When Do Student Loans Show Up On Your Credit Report?September 28, 2022
When you take out student loans as a new college student, you may think you have several years — at least until after you graduate — before your debt will impact you. So it can come as a surprise to find out your student loans can affect your credit while you’re still in school.
Most people assume that student loans aren’t reported to the credit bureaus until the loans are in repayment, but that’s not the case. When do student loans show up on credit reports? Typically, the loans appear within a few weeks of your approval and loan disbursement. And your loans can affect your credit in several different ways.
How Do Credit Reports Work?
If you haven’t looked up your credit reports, you may be unsure how they work. Your credit reports reflect your use of credit — including loans and credit cards — and how you handle your payments. Your creditors, such as banks or credit unions, report your information to the major credit bureaus: Experian, Equifax, and TransUnion.
Each credit bureau has its own report, so some information can vary depending on which credit report you view. The information on your credit reports also determines your credit score, which can affect your ability to get other forms of credit. Information on your credit reports include:
- Your personal information, such as past addresses and employers
- Your open and closed credit accounts, such as loans and credit cards
- Your payment history, including any late or missed payments
- Public records, such as civil suits or bankruptcies
Do Student Loans Show Up On Credit Reports?
A common question college students have is, “Are student loans on credit reports?” The answer is yes; your federal and private student loans will show up on your credit reports.
Student loans can affect your credit history in several ways:
- Credit Inquiry: When you apply for a loan or credit card, the lender typically performs a credit check to see if you are a responsible candidate. While federal student loans for undergraduate students don’t require credit checks, federal PLUS loans and private student loans do. Credit inquiries are listed on your credit report, and every inquiry can cause a slight decrease in your credit score.
- Installment Loan: Student loans are reported to the credit bureaus as installment loans, meaning they require monthly payments over a set period of time. Each student loan you take out will appear as its own account, and your credit report will show how much you owe, what your monthly payment is, and your account’s status.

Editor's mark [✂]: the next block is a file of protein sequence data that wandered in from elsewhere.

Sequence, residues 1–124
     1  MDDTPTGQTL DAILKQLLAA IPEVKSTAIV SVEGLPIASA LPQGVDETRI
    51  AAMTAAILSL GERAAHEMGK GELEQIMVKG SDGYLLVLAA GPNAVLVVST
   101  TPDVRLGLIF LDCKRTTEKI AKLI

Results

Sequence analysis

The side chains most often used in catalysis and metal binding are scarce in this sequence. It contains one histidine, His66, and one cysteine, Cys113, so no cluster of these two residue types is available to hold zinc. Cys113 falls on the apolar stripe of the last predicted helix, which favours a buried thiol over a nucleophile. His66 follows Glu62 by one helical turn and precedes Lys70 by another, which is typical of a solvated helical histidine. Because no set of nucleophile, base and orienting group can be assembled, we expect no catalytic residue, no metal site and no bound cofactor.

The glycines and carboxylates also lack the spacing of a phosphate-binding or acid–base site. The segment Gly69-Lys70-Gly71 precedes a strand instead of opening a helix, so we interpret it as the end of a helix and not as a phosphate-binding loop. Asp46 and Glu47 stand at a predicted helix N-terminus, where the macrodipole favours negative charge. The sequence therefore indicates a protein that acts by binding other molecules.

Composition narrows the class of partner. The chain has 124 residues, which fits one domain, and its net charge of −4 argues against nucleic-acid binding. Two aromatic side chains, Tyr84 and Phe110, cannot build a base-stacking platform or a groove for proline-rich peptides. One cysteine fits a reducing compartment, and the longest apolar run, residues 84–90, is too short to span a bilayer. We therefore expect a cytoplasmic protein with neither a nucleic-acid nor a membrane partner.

- Payment History: When your loans enter repayment, your lender will report your payment activity to the credit bureaus. If you make all of your payments on time, that’s a good thing; creditors like to see that you have a history of making timely payments, and positive payment history can improve your credit. But if you miss a payment or default on your loans, the lender will report that information, and late or missed payments can significantly damage your credit.
When Are Student Loans Reported to Credit Bureaus?
Depending on your loan type, you may not have to make payments while you’re in school. With federal undergraduate loans, your payments are deferred while in college and for six months after you leave school or graduate.
With private student loans, when your loans enter, repayment depends on the loan’s terms. You can often choose to defer your payments until after graduation, but many students opt to make partial or full payments while in school to reduce accrued interest.
Why is knowing your payment schedule important? Many people mistakenly believe that their student loans aren’t reported to the credit bureaus until the loans are in repayment. But your loans can appear as a credit inquiry on your credit report immediately after you undergo a credit check. And once your loan application is approved and disbursed, the loan is listed as an active installment loan on your credit report.
When exactly your loans show up on your credit report is based on when your lender submits your information. Lender reporting schedules can vary, but your student loans will likely appear on your credit report within a few weeks after their disbursement.
Reviewing Your Credit Reports
Even if you don’t have to make payments while you’re in college, it’s a good idea to check your credit reports for the following reasons:
- You may find incorrect information: You may spot errors on your credit reports — such as loans that don’t belong to you or wrong addresses — that can affect you later. If that happens, you can contact the credit bureaus to dispute the incorrect information. Especially if your wallet was stolen or you have been a victim of identity theft, it’s wise to check your credit report to ensure no one is using your information to apply for credit.
- You can locate your loans: During your college career, you may take out several loans. It can be difficult to keep track of them and to make it more complicated, lenders often transfer loans to third parties or even sell loan accounts. Checking your credit report allows you to find out who is managing your loan, making it easier to make payments once you leave school.
Typically, you can view your credit reports from each of the three major credit bureaus once per year at no cost. However, the three credit bureaus announced that they are allowing consumers to view their credit reports for free on a weekly basis through 2023. You can view your credit reports at AnnualCreditReport.com.